Guide to this winter's Australia v England series
Live this weekend: Aston Villa v Man Utd
Download our podcast as Neil Reynolds and Jeff Reinebold talk about the big NFL issues.
Force India's new signing on why the team is right for him, proving himself again, and double points.
We rewind to August 1995, as Mark Draper recalls Aston Villa's famous 3-1 win over Man Utd.
Thierry Henry talked Arsenal, Ronaldo, Messi and more on our Champions League coverage.
How F1 history would have been different had double points always been awarded at the final GP.
I would hope with that would come some compassion that maybe this person doesn't need condemnation. Maybe this person could stand a little help
Quotes of the week
Eight-time Grand Slam champion Andre Agassi has appealed for understanding following his revelation that he used crystal meth during his tennis career.
The American admitted he took the drug in 1997, the year he incidentally crashed to number 141 in the world rankings, and then confessed he lied to ATP officials to avoid punishment.
Excerpts released from an interview with Agassi on American CBS television programme '60 Minutes' saw the 39-year-old pleading for compassion from his critics.
"I would hope with that would come some compassion that maybe this person doesn't need condemnation. Maybe this person could stand a little help," said Agassi.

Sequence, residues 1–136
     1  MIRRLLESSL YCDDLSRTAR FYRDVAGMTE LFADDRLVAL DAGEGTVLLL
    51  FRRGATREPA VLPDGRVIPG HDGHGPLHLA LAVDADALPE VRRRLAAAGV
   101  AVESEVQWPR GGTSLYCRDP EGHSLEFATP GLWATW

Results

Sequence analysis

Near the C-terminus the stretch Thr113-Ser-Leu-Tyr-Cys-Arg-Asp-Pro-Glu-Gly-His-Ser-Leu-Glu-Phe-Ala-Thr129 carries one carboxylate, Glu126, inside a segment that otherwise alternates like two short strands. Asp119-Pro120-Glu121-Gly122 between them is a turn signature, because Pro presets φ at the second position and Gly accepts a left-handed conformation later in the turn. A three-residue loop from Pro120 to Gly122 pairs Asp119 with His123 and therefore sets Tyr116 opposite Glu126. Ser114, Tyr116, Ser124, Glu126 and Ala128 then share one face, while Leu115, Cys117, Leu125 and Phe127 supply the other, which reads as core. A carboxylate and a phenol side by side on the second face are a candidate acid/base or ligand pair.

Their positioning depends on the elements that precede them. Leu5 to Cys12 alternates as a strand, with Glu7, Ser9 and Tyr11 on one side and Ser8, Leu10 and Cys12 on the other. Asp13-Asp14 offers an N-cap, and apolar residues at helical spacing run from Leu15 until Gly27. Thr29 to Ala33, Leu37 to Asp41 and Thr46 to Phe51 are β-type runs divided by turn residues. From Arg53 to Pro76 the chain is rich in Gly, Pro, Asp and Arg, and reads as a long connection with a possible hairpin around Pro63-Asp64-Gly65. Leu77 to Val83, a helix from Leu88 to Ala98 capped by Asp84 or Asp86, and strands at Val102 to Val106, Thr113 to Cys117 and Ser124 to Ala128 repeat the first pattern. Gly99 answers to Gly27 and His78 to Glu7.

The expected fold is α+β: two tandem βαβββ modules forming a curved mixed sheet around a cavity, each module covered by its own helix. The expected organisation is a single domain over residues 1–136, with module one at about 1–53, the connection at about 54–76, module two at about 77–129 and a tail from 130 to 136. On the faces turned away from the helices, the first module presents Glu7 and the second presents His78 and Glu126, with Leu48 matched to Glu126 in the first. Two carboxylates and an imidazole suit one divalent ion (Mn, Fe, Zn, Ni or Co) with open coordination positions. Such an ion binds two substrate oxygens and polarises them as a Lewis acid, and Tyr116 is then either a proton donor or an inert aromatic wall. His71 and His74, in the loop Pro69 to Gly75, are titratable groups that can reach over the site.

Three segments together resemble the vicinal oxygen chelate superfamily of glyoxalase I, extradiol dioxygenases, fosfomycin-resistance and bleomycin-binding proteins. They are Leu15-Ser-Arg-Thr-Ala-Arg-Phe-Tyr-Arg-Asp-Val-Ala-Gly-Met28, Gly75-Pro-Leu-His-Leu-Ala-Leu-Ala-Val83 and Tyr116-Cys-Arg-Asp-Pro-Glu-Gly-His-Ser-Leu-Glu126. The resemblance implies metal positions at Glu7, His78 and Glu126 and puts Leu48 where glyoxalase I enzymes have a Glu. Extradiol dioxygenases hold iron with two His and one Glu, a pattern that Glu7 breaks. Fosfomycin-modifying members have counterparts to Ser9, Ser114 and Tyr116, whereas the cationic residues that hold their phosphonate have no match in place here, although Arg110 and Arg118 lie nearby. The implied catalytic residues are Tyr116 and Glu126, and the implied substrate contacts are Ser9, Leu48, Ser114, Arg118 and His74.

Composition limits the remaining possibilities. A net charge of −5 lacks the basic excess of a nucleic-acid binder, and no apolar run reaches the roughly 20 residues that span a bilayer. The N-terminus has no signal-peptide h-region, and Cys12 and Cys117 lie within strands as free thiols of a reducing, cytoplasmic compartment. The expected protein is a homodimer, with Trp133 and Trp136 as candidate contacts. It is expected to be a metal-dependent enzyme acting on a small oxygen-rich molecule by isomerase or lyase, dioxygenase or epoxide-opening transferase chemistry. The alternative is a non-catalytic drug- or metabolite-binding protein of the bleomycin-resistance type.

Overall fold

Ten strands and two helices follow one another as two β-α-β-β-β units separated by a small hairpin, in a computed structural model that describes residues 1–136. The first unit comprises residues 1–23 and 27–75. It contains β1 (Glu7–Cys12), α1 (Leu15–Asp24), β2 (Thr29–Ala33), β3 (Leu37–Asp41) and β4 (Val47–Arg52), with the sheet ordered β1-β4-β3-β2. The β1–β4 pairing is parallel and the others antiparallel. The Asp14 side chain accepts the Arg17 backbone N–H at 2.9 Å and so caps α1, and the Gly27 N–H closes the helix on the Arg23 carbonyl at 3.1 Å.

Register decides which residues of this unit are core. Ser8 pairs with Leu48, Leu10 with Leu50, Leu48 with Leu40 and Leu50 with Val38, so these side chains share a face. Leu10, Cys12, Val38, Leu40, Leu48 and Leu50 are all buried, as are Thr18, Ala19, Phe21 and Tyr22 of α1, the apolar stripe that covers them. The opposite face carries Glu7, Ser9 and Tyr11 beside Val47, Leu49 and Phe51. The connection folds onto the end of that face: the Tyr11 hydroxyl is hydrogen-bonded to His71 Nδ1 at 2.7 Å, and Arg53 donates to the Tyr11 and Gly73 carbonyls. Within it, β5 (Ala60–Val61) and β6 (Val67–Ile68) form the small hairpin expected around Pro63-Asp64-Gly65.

"Because that was at a time in my life when I needed help.
"I had a problem and there might be many other athletes out there that test positive for recreational drugs that have a problem. So I would ask for some compassion."
Agassi's admission was first made in his autobiography, Open, which will be released next week.
After a sparkling career which saw Agassi top the world rankings, the eight-time Grand Slam champion accepts his revelations may tarnish people's opinions of what he achieved.
"I don't know what the ramifications are," said Agassi. "I had way more to lose by telling this story in its full transparency than I had to gain.
"The price that that comes with is the cost that I've assumed and I'm okay because the part that I worry and think more about is who this may help."
Andy Murray, Rafael Nadal and Novak Djokovic achieved a lot in 2013, but I think the first two will be the most happy with their seasons.
Annabel Croft marvelled at Novak Djokovic's unrelenting character and ability to bounce back after the Serbian ended the year by winning the ATP World Tour Finals in London.
After facing five different top-nine players in seven days and beating them all, Novak Djokovic leaves London with a legitimate claim of being 'best of the best'.
Read the thoughts and opinions of Barry Cowan with skysports.com